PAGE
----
[AMRadio] Receive Preamp question


Bob Macklin macklinbob at msn.com
Sun Nov 4 11:24:47 EST 2007


Steve WD8DAS comments:

"One way you can know if you have enough gain is to note the background
noise your receiver picks up with the antenna connected, versus not
connected.  If the background hiss (not lightning crashes or the various
buzzes from local noise sources, but just the steady even
background hiss) is louder with the antenna connected, then you already have
enough RF gain.  If it doesn't jump up with the antenna connected, then you
need more gain, either thru repair of the receiver or an extra stage."

Or you need to make a better antenna!

What are "ACTIVE ANTENNAS"? I just see them as WIDEBAND amplfiers the raise
everything. That's sure not waht I want.

But many old receivers are poor perfomers from 20M and up. These receivers
would benifit more from a frontend converter than they would from a
preselctor.

BTW:
Thare are designs in the older ARRL hanbooks for both preselctors and
converters.

Bob Macklin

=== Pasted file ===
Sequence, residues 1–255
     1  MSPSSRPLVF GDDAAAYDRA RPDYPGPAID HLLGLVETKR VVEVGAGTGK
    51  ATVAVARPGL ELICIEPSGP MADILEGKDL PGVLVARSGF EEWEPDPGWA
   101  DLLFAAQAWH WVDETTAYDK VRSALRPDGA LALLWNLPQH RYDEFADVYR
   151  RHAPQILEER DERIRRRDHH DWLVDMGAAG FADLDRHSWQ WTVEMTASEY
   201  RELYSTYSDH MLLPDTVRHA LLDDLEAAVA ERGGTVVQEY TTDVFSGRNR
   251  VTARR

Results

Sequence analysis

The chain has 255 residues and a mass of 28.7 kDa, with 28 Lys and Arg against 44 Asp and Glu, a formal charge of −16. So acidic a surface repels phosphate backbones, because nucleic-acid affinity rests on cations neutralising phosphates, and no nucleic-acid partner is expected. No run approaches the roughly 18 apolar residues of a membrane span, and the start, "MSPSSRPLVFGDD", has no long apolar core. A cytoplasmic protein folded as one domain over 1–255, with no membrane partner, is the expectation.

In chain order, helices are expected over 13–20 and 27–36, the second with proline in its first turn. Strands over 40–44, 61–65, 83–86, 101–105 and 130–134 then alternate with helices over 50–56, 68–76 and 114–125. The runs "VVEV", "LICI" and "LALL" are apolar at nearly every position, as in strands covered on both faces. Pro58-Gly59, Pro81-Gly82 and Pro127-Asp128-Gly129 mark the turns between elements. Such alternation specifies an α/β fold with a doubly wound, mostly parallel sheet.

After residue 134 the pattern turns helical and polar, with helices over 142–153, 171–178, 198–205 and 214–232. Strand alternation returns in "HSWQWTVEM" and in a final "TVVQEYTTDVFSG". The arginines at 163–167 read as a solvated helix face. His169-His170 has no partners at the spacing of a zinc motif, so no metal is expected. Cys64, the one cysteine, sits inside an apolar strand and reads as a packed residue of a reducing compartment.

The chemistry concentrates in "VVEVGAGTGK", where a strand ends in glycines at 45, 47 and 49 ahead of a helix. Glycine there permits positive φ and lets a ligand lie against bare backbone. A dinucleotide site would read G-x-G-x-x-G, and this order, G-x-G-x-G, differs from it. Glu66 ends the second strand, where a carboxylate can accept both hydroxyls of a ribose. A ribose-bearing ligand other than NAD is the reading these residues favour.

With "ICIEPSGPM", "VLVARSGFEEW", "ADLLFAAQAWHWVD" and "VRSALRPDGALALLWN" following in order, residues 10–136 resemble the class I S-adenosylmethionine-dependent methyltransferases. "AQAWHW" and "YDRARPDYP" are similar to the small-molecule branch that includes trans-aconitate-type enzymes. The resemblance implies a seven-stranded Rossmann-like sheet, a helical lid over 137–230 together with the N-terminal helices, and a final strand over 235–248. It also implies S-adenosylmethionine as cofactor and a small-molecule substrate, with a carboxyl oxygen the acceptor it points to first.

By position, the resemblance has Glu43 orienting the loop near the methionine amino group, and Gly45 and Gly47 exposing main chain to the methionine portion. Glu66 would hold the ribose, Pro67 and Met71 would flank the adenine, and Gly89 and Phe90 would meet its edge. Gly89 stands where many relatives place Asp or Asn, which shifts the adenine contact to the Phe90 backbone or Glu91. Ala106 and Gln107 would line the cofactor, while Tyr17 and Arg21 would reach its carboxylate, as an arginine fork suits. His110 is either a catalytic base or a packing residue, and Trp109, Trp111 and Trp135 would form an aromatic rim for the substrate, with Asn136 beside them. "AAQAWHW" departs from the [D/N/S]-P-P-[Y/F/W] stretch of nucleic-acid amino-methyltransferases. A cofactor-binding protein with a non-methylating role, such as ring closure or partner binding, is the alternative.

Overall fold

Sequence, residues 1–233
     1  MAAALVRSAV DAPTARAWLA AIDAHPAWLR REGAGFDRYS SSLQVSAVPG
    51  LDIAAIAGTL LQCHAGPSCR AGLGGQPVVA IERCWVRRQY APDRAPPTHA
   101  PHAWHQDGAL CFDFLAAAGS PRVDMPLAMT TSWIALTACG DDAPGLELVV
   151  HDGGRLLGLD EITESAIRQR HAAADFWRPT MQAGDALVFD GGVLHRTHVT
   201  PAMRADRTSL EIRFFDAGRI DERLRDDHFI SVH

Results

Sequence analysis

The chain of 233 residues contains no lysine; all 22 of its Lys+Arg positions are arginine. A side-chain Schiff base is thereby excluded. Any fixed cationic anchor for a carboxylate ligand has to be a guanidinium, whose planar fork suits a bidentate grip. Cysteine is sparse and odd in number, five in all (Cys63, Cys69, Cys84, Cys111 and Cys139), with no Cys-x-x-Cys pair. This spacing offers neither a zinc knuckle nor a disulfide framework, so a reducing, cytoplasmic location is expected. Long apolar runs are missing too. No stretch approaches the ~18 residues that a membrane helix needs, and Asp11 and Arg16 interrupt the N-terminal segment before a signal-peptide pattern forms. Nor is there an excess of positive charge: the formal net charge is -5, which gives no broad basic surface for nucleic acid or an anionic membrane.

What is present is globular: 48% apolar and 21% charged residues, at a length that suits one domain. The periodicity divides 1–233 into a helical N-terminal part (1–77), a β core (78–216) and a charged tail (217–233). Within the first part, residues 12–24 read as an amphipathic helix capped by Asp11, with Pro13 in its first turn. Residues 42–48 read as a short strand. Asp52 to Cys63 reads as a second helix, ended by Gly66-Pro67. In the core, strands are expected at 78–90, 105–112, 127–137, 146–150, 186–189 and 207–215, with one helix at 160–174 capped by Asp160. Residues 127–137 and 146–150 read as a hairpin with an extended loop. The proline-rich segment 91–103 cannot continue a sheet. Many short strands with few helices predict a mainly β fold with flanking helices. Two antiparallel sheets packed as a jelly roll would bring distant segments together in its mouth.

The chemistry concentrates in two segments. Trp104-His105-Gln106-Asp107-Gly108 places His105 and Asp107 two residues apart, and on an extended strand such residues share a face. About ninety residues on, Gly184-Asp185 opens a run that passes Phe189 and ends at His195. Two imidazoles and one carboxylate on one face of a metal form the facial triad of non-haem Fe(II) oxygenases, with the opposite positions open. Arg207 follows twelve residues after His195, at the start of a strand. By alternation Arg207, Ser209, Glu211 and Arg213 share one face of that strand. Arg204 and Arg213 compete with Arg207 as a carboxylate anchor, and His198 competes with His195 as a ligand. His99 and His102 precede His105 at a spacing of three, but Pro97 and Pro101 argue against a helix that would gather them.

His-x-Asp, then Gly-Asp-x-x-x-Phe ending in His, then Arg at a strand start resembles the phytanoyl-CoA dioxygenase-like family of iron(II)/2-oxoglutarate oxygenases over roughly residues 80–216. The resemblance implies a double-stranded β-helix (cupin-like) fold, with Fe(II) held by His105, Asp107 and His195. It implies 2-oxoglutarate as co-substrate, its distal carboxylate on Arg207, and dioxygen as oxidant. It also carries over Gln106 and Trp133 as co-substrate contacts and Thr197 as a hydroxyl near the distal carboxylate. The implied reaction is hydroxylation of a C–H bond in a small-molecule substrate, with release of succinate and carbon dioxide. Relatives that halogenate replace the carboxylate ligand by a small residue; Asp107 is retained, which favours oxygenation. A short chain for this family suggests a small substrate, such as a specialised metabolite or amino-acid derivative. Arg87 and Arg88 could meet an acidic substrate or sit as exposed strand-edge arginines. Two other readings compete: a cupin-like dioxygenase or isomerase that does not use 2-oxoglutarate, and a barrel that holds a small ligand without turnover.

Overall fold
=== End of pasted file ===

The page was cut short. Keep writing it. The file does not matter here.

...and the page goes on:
K5MYJ
Seattle, Wa,
"Real Radios Glow in the Dark"


----- Original Message ----- 
From: <sbjohnston at aol.com>
To: <amradio at mailman.qth.net>
Sent: Sunday, November 04, 2007 8:07 AM
Subject: Re: [AMRadio] Receive Preamp question


>
> >Does anyone have a good recommendation for a preamp to
> >help my radio receive better.
>
> It depends to some degree on what receiver you're using, and the bands
> of interest.  On the lower shortwave frequencies, almost all receivers
> already have enough gain (if they are working OK), but as you go higher
> in frequency, say 14 MHz on up, many receivers can benefit from another
> stage of RF amplification.
>
> For example, I built an extra preamp into my Heath HR-1680 receiver and
> rigged it to be in-line when the bandswitch was on the 21 and 28 MHz
> band positions.  Let's see if I can recall what preamp board that
> was... hmmmm... OK I had to get my notes on that project... it was a
> Hamtronics LNY preamp.
>
> See  http://www.hamtronics.com/pdf/Manuals/LNY-WB.pdf
>
> One way you can know if you have enough gain is to note the background
> noise your receiver picks up with the antenna connected, versus not
> connected.  If the background hiss (not lightning crashes or the
> various buzzes from local noise sources, but just the steady even
> background hiss) is louder with the antenna connected, then you already
> have enough RF gain.  If it doesn't jump up with the antenna connected,
> then you need more gain, either thru repair of the receiver or an extra
> stage.
>
> Steve WD8DAS
>
> sbjohnston at aol.com
> http://www.wd8das.net/
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